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    27 May, 2005

    Smoking in Public Places

    Earlier this year, I ran an opinion poll on this blog about smoking in public places. The Assembly's Committee on the subject subsequently reported, and its report was debated on Tuesday.

    I had some concerns about whether the Report had really considered the economic impact on small Valleys and rural pubs, so I put down an amendment which, though defeated, received support from some Labour, Tory and Plaid AMs.

    My speech in the debate follows:

    Leighton Andrews: I propose amendment 1 tabled in my name: delete ‘looks forward to the’ and insert

    calls for a full study of the economic impact on smaller businesses before any.

    I start by congratulating Val Lloyd and her committee; I think that they have done important work. I had certainly not focused in detail on the issues until they started that work. I accept the health arguments put forward in the report. I am not just a non-smoker, but pretty much an anti-smoker. I have been an asthmatic since the age of two, and I know of the effect of tobacco smoke on my lungs, and I take steps to avoid it. Therefore, I support what the committee says on the health issues.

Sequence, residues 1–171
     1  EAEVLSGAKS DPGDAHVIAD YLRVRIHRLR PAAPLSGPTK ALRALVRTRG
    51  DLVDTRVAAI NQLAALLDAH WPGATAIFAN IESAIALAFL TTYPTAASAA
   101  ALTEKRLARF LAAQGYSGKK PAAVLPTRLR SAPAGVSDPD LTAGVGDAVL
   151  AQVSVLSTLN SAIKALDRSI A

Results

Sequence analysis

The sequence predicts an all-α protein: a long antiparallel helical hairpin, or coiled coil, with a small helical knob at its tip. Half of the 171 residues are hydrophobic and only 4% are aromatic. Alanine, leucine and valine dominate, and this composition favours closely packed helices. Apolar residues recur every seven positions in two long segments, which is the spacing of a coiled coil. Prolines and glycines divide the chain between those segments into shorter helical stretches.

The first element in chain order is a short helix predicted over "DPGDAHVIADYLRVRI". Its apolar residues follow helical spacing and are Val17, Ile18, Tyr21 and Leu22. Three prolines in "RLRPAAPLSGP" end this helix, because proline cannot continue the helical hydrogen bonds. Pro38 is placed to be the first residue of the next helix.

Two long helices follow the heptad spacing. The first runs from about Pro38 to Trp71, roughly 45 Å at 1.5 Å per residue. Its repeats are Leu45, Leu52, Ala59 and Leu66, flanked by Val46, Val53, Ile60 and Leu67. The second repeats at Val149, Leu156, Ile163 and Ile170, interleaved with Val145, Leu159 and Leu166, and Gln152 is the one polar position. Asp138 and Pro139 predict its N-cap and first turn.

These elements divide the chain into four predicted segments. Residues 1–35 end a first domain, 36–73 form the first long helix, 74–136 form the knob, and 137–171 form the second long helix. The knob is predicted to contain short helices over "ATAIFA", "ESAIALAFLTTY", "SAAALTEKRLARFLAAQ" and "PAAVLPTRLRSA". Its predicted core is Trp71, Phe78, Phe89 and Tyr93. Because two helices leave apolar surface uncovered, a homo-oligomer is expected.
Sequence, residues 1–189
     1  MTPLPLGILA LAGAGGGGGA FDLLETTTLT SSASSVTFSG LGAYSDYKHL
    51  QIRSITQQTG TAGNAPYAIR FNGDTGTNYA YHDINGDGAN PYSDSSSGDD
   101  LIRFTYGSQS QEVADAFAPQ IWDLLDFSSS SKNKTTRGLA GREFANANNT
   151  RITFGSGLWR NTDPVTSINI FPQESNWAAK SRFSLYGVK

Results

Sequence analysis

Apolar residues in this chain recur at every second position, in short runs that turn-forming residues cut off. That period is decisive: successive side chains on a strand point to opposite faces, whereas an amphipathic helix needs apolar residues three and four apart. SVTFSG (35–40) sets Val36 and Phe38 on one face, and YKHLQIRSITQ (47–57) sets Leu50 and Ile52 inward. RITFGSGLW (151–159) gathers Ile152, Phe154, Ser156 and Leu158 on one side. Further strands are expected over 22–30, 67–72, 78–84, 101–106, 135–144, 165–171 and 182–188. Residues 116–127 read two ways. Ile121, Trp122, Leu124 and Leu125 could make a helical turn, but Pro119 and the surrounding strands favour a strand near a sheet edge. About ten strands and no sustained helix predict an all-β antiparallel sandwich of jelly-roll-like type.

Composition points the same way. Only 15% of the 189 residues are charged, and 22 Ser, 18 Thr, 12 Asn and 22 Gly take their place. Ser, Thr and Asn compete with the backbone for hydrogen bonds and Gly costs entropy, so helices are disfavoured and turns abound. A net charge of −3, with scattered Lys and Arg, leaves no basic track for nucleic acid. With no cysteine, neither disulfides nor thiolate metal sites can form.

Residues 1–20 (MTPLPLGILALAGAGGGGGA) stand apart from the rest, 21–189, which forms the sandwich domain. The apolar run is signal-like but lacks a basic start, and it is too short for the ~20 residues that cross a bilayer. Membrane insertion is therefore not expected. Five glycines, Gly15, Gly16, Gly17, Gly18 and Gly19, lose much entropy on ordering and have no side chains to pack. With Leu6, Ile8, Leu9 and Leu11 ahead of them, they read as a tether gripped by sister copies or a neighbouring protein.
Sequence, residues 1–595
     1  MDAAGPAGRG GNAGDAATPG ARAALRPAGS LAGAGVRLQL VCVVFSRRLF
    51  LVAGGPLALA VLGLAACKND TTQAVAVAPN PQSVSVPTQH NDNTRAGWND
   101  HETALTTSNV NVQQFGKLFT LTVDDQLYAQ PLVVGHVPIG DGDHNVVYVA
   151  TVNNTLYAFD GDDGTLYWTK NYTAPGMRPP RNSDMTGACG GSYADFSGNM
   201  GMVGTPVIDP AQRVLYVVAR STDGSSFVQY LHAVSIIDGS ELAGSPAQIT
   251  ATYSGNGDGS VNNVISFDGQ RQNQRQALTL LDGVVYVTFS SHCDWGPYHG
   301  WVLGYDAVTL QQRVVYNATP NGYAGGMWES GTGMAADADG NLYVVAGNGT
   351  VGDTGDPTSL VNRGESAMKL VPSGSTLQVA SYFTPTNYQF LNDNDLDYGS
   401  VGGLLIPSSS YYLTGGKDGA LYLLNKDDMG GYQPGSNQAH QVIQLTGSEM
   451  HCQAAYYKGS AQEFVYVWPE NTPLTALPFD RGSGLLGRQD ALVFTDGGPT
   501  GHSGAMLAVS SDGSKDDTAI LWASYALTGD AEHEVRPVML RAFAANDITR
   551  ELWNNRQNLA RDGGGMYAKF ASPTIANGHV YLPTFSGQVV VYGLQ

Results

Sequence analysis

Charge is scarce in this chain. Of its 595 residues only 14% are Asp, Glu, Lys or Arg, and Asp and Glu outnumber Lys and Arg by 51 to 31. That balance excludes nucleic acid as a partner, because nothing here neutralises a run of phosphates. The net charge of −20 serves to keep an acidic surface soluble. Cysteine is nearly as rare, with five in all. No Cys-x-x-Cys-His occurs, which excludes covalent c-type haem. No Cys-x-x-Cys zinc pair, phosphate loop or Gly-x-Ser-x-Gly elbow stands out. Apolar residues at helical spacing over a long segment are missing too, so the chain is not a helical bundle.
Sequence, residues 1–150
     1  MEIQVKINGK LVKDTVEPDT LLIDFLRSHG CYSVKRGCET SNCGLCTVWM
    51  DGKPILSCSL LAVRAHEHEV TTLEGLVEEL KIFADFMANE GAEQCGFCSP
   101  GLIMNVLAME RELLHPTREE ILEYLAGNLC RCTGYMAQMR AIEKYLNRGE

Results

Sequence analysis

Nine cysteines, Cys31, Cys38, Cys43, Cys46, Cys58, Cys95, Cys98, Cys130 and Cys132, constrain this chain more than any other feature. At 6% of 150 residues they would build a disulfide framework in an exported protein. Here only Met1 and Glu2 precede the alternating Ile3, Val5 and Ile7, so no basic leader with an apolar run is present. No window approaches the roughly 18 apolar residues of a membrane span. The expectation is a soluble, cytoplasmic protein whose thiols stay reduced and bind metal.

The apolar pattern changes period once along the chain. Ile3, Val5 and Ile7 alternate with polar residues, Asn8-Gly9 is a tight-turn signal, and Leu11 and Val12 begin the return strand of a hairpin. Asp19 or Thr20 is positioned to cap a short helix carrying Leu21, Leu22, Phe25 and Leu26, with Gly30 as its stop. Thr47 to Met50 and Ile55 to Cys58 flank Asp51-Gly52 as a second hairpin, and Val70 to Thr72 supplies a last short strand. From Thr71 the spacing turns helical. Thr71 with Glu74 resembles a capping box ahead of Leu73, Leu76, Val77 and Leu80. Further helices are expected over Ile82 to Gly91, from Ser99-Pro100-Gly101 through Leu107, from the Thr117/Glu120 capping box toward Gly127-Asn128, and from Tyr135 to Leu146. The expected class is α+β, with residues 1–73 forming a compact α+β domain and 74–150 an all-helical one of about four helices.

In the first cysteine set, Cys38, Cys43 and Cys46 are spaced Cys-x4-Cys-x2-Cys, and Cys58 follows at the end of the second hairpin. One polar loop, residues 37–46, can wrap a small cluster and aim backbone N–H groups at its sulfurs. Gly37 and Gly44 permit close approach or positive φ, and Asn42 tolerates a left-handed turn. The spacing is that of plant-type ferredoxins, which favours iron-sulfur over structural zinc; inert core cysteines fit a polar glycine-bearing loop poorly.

The amendment I propose is not designed to block progress towards a ban on smoking in public places. It is designed to test out the conclusion that was reached on the economic impact of a ban. The amendment does not say, ‘Do not move towards a ban’. My reason for bringing the amendment forward derives directly from the committee’s report. Let us remember that the committee was established, among other things, to

    ‘consider current evidence on relevant issues, including the health risks of environmental tobacco smoke, and the economic impact of restrictions on smoking in public places’.

    That is a quotation from the committee’s terms of reference. I have drafted the amendment specifically because of the conclusion on page 13, where the committee says that

    ‘It recognises that some smaller businesses may have difficulty in adapting to the changes and opportunities a smoking ban would bring.’

    Those are the committee’s words, not mine. It is also borne out by evidence from the licensee trade, including many in my constituency. Indeed, evidence from the Rhondda is cited on page 11. Most of the publicans questioned said that they would have to lay off staff. Forty two publicans, over 50 per cent, said that their pub would probably close. I pay tribute to the publicans from the Rhondda, who have taken an active part in the debate. They have been to the Assembly, some have given evidence, and they also held a meeting in Tonypandy before the report’s publication. I will hold a further meeting with them in Ton Pentre next month, now that the report is published. It is an issue for them, and it will also be an issue for private clubs, including labour, trade union and ex-service people’s clubs. It is important that the debate gets a wide hearing.